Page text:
The collection also contained a "Tang Dynasty" five-colour porcelain vase despite the fact that this technique was only invented hundreds of years later, during the Ming Dynasty.

Apparently, China is in the midst of a museum boom and there is a demand for artifacts. This naturally created incentives for fake objects with no or dubious antique value to be brought in for display.

Perhaps the Chinese have been churning out such fake stuff or imitations for centuries. So, if a fake object that was produced in 1200 AD were to be found today, won't it qualify as a genuine fake, with its own antique value?

It’s only bad news.


Why do newspapers and TV channels focus so much on bad news? And why do we put up with it?

Doesn't it get tiring to have to listen to stories of rape, murders, terror, food poisoning, accidents, illnesses, and other bad news all the time? Why don't we resist this relentless bombardment of bad news?

Apparently, we can't. The 'negativity bias' is hardwired in our brain.

As we were evolving as human beings, our sensory systems were tuned to pick up only the 'danger signals' from all the audio-visual data around us and to forward the filtered information to the amyglada in the temporal lobe of our brains. This was a vital part of our survival instinct. As this article explains:
The amygdala is our danger detector.  It's our early warning system.  It literally combs through all of the sensory input looking for any kind of a danger on putting in on high alert and it evolved during an era of human evolution that was of the immediate type, the tiger in the bush.  You would hear a rustle in the leaves and you would think tiger, not wind and the point—one percent of the time that it was a tiger it saved your life, but today the amygdala literally calls our attention to all the negative stories and if you see a thousand stories you're going to focus on the negative ones and the media takes advantage of this and you know the old saw if it bleeds it leads.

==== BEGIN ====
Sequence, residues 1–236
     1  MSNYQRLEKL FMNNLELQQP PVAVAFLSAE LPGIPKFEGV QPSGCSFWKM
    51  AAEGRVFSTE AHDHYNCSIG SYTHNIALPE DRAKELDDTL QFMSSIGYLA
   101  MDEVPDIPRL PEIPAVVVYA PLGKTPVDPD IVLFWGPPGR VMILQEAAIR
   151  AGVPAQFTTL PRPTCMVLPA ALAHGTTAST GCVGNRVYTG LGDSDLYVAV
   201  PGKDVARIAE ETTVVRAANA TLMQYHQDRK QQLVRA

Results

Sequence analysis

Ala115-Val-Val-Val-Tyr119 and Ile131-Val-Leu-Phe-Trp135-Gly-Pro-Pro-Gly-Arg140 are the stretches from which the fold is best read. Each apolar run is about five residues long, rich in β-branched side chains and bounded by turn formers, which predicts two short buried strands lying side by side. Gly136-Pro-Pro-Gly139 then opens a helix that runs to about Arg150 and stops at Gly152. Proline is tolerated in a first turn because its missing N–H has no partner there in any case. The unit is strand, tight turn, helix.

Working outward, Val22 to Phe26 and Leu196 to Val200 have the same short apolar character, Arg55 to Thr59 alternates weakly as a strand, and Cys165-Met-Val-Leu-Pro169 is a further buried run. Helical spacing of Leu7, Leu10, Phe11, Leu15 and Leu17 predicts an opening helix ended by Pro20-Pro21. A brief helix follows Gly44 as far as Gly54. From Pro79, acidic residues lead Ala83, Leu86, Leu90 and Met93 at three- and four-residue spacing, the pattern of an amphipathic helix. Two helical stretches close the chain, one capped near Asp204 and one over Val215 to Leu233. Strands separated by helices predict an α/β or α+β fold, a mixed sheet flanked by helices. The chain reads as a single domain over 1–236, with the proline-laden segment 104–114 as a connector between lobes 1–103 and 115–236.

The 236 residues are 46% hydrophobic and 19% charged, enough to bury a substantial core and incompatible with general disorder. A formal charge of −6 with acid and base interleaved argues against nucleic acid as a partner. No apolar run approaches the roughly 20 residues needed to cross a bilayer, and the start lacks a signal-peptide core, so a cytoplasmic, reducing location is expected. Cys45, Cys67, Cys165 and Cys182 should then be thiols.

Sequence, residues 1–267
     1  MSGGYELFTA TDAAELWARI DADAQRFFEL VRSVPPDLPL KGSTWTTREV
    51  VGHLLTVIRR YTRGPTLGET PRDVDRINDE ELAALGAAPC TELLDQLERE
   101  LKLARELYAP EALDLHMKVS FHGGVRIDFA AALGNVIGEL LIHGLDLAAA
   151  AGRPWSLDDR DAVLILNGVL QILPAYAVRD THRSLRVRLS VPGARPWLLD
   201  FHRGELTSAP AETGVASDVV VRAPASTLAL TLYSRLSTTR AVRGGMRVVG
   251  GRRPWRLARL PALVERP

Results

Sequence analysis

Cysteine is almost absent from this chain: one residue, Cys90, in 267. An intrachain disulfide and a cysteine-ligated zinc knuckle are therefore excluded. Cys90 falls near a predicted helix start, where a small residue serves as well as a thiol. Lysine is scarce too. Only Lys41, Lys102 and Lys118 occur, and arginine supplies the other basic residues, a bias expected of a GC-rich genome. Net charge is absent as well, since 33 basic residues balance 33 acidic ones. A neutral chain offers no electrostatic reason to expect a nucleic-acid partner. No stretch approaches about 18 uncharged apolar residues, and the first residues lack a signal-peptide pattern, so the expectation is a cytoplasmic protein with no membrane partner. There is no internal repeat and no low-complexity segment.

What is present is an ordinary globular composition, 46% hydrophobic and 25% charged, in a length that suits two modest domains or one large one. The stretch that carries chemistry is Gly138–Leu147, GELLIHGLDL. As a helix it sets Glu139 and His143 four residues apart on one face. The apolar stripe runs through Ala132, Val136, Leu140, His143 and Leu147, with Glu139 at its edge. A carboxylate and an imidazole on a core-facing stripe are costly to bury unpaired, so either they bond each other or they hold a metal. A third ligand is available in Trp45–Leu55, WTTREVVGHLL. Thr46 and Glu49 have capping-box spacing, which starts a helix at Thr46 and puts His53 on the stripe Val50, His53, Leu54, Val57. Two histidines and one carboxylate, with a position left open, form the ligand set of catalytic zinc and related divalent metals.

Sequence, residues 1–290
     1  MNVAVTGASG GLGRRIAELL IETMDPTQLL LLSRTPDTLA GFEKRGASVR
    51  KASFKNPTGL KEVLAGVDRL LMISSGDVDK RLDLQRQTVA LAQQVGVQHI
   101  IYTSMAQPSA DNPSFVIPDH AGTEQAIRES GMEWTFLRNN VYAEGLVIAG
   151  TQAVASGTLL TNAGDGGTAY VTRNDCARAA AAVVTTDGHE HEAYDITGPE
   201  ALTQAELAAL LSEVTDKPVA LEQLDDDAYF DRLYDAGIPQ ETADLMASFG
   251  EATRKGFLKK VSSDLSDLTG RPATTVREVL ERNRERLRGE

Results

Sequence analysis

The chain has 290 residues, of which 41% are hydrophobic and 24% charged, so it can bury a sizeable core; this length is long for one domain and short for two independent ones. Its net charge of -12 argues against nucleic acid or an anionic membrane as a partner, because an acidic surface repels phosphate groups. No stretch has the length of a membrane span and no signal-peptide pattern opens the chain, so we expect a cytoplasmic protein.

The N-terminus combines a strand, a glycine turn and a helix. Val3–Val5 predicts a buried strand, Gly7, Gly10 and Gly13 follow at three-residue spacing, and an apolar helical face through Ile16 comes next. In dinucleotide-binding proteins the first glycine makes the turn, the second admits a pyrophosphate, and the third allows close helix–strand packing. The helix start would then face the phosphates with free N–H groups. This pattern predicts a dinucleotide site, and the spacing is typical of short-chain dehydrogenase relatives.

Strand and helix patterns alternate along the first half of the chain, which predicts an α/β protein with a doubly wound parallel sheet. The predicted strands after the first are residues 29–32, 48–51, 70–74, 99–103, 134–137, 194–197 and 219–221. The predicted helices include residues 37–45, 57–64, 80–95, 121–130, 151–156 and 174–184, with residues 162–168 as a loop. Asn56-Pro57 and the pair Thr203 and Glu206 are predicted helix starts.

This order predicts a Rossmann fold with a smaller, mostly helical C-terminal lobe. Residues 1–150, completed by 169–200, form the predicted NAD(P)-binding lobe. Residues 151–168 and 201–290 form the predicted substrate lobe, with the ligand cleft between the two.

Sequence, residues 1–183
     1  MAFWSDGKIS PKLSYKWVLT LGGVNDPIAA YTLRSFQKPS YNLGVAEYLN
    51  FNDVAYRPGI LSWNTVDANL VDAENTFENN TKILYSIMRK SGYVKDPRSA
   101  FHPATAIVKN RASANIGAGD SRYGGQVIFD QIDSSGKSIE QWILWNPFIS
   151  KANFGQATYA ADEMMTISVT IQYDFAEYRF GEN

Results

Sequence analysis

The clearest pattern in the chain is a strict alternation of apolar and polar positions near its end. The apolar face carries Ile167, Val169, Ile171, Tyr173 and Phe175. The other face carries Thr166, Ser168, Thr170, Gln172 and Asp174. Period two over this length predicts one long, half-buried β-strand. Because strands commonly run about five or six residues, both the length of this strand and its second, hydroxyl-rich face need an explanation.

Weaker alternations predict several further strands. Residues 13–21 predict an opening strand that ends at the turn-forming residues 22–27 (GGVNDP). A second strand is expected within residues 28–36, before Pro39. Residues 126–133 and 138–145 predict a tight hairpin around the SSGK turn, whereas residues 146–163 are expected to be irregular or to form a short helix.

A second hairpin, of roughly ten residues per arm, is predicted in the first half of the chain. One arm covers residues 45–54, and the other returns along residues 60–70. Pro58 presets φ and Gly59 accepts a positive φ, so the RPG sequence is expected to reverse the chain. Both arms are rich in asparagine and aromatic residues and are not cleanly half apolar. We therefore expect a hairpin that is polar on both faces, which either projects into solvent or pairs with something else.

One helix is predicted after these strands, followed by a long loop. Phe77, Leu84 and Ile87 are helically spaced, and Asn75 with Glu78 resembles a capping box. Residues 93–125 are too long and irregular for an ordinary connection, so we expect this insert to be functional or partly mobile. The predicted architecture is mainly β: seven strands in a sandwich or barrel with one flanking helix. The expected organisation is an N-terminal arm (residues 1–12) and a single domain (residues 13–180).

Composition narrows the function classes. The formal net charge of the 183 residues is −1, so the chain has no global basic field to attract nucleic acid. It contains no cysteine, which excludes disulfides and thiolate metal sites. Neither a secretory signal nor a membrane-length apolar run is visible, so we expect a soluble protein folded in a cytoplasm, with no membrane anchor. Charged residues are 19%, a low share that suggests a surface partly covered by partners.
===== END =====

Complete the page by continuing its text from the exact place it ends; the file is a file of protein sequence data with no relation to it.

Well that's why 90% of the news in the newspaper and on television is negative because that's what we pay attention to.
So, even if there's some good news, for example, that the country's economy is picking up well this year, there will be a cautionary caveat that will accompany that statement to convey a serious flip side – that this is unlikely to be sustained due to poor rainfall in some parts of the country. Your brain is alert to negative signals and it is the bounden duty of the media to oblige you and, in the process, earn some money for themselves.

It's hopeless. Don't expect any good news. ( There, I've fed something for your amygdala to chew on)



Tuesday, July 16, 2013

Japan this week.

I came across four different news stories related to Japan.

The first reported that sales of adult diapers in Japan would soon exceed that of baby diapers. The changing demographics and increase in percentage of geriatric citizens ( quite a few of them suffering from incontinence) leads to more business for adult diapers.

The second said that the number of elderly people (over 65 years) arrested for shoplifting in Tokyo exceeds the number of teenaged shoplifters. This could be a reflection again of the changing demographic profile or could be because the moral standards of the younger generation are better than that of the older generation.

The third story is on the increasing popularity of palm surgery, to get palm lines redrawn as prescribed by the ‘science’ of palmistry, and thereby get one’s destiny or fate reshaped the way one wants it. I found this brilliant. Even Indians have not thought of this.

Finally, there’s this article on a unique beauty treatment offered by salons in Japan.  Live snails are made to crawl on one’s face. It is claimed that the slime removes old cells and rejuvenates the skin.